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On January 20, 1995, at 0845 hours Pacific standard time, a Piper PA-38-112, N4279E, overran runway 6 after the pilot aborted the takeoff ground run at Hi Desert Airport, Joshua Tree, California; the nose gear collapsed when the airplane entered the rough/uneven terrain. The pilot was beginning a local area visual flight rules solo instructional flight. The airplane, operated by Hi Desert Airport, sustained substantial damage. The student pilot received minor injuries. Visual meteorological conditions prevailed.
The pilot reported in the aircraft accident report that she initially intended to fly to Palm Springs Airport to practice takeoffs and landings at a controlled airport. Hi Desert Airport is a noncontrolled airport. However, after checking the current Palm Springs Airport weather, she elected to practice takeoffs and landings at Hi Desert Airport.
The pilot conducted a preflight inspection of the airplane. During the inspection, she checked the flight controls twice for proper and freedom of movement. She also checked the flight controls before taking the runway for the flight. She said that the flight controls operated normally and smoothly.
During the takeoff roll, after reaching the proper lift-off speed (about 60 knots), she applied rearward control pressure. The control wheel went back, but the airplane did not respond to the control wheel movement. Realizing that the airplane was not going to lift-off, she retarded the throttle and applied heavy braking.
The airplane struck a berm at the west end of the runway and the nose gear collapsed.
The operator observed the accident. He said that the airplane was traveling down the runway and then the pilot applied the brakes. The remaining runway was insufficient to stop the airplane on the runway. The airplane exited the east side of the runway and collided with the terrain.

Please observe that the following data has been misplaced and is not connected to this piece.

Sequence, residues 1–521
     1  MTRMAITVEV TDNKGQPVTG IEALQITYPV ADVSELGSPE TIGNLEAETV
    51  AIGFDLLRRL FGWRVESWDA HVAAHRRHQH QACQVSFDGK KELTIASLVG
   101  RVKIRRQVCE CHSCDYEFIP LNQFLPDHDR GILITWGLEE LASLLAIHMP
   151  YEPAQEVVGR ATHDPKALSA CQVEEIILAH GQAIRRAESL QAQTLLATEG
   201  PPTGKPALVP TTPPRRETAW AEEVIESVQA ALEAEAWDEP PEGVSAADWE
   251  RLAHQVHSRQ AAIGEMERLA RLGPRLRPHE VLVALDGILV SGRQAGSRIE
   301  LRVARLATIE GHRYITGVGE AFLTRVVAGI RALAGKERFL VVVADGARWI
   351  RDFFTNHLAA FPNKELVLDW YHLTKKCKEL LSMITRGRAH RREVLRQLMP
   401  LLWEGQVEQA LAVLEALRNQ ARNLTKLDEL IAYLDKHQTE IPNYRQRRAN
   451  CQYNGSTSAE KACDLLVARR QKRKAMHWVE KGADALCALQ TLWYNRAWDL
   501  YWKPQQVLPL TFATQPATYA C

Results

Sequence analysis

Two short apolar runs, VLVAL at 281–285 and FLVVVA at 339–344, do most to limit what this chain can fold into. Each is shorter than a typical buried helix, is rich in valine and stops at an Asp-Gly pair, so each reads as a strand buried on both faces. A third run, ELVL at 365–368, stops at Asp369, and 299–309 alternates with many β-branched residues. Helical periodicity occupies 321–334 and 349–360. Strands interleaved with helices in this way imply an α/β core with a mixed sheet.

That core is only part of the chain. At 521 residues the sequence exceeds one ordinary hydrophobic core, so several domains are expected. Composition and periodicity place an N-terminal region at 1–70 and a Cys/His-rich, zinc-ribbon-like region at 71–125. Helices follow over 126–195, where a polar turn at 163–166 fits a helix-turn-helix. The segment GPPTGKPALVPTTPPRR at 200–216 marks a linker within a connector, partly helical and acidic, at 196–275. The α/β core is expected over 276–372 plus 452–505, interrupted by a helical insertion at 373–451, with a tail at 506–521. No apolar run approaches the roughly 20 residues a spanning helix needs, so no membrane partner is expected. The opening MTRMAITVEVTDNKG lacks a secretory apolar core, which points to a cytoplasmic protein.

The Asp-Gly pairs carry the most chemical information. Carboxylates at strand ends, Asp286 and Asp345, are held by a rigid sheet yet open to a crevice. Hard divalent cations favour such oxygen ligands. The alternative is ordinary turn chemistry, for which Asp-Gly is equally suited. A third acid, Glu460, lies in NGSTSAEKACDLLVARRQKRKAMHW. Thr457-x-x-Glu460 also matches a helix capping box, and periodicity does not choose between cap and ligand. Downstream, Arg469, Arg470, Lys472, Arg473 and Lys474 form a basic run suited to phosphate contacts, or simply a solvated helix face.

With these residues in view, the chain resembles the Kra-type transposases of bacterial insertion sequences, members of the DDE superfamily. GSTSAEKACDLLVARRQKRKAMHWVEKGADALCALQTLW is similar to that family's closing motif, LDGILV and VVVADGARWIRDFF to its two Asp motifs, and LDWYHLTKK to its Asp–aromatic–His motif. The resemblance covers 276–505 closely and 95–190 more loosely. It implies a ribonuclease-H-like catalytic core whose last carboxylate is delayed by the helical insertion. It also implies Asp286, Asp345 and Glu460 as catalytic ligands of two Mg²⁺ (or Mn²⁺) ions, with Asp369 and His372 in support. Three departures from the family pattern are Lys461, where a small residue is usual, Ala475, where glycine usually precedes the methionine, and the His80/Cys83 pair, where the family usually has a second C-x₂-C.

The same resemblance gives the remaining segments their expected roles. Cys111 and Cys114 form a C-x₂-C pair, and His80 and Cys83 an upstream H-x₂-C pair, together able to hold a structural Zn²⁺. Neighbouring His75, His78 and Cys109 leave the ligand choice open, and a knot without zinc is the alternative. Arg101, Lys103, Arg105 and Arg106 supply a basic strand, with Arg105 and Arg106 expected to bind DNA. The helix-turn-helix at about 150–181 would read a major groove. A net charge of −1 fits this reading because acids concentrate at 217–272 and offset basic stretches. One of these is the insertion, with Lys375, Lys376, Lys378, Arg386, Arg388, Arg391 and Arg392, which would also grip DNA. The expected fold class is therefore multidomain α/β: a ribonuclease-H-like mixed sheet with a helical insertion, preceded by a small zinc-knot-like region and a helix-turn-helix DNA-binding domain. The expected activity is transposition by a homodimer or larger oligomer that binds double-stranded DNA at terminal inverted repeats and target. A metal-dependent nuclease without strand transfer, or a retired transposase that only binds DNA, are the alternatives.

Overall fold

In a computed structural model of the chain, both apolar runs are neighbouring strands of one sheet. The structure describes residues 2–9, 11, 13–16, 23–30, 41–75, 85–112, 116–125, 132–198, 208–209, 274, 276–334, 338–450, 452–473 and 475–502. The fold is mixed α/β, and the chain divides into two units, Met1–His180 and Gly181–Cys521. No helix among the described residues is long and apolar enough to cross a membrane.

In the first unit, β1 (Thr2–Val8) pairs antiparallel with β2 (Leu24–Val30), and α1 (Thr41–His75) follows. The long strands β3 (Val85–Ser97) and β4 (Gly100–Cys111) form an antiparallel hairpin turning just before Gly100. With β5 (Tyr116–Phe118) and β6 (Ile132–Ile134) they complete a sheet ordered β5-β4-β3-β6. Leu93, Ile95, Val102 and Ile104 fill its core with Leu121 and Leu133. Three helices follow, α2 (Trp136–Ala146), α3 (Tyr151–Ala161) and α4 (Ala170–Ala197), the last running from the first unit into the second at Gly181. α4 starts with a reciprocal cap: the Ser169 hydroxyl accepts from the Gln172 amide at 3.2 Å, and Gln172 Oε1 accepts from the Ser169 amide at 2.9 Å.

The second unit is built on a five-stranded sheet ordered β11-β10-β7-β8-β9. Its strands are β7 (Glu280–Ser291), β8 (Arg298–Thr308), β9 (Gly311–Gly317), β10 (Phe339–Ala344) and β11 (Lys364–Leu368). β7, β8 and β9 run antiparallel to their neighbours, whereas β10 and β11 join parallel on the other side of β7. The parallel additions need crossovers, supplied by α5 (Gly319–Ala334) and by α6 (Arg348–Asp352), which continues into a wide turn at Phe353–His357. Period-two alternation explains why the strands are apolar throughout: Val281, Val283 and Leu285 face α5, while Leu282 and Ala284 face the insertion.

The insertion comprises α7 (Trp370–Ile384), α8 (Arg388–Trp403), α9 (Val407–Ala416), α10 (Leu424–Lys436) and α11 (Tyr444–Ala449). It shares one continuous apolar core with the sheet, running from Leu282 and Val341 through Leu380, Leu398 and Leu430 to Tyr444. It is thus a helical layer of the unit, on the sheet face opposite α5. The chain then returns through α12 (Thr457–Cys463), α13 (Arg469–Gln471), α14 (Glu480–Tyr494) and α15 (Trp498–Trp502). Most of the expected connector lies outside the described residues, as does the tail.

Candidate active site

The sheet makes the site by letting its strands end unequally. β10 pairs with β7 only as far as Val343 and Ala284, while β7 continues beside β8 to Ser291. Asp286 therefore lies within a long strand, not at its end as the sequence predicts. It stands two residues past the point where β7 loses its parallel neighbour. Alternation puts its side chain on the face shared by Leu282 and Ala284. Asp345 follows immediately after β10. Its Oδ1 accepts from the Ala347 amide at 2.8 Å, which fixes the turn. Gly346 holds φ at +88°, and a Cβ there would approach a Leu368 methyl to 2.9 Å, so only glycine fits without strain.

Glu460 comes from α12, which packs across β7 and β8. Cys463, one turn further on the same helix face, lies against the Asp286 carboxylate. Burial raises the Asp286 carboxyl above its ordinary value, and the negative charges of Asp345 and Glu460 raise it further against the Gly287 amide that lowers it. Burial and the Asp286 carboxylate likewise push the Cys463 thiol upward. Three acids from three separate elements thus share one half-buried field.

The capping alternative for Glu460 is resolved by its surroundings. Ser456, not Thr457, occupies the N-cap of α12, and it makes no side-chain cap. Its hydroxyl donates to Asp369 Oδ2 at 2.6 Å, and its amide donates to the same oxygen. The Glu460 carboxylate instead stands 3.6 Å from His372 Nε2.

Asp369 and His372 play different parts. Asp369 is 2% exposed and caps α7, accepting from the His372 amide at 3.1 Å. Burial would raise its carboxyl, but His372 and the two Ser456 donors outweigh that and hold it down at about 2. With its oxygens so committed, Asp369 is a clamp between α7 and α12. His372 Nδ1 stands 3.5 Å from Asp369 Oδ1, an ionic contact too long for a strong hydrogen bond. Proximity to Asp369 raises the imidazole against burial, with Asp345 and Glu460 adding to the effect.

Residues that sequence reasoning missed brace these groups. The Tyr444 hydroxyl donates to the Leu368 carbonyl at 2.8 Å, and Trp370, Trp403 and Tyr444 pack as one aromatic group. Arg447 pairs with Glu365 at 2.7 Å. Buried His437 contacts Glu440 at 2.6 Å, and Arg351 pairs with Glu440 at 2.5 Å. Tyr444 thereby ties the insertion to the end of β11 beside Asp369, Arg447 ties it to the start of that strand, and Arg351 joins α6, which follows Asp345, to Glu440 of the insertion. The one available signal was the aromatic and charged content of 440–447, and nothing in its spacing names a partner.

The operator also said that the pilot told him that the airplane would not respond to the elevator control movements. Realizing the airplane would not lift-off, the pilot aborted the takeoff and applied the brakes.
A Federal Aviation Administration (FAA), Riverside (California) Flight Standards District Office operations inspector conducted the on-scene investigation. The inspector reported that the elevator control mechanisms were binding. He said that the nose landing gear collapsed and was found beneath the flight controls "T" bar.
The pilot held a student pilot/third-class medical certificate. A certified flight instructor endorsed the student pilot's certificate for solo flight. The medical certificate did not contain any limitation endorsements.
National Transportation Safety Board investigators did not review the pilot's flight hours logbook. The flight hours reflected on page 3 of this report were obtained from the aircraft accident report.
The pilot showed that she accrued 116 total flight hours. All of the flight hours were flown in the accident airplane. During the preceding 90 days of the accident, the pilot accrued 28 flight hours and 30 days before the accident she accrued 8 hours. She logged 13.1 hours of solo flight.
The pilot's husband is her instructor. She said that he approved the flight and also monitored her preflight inspection.
The airplane is registered to Gordon M. and Edith Y. Poppell, Twentynine Palms, California, and is operated by Hi Desert Airport. The operator said that he hired the mechanic/inspector to perform the last annual inspection.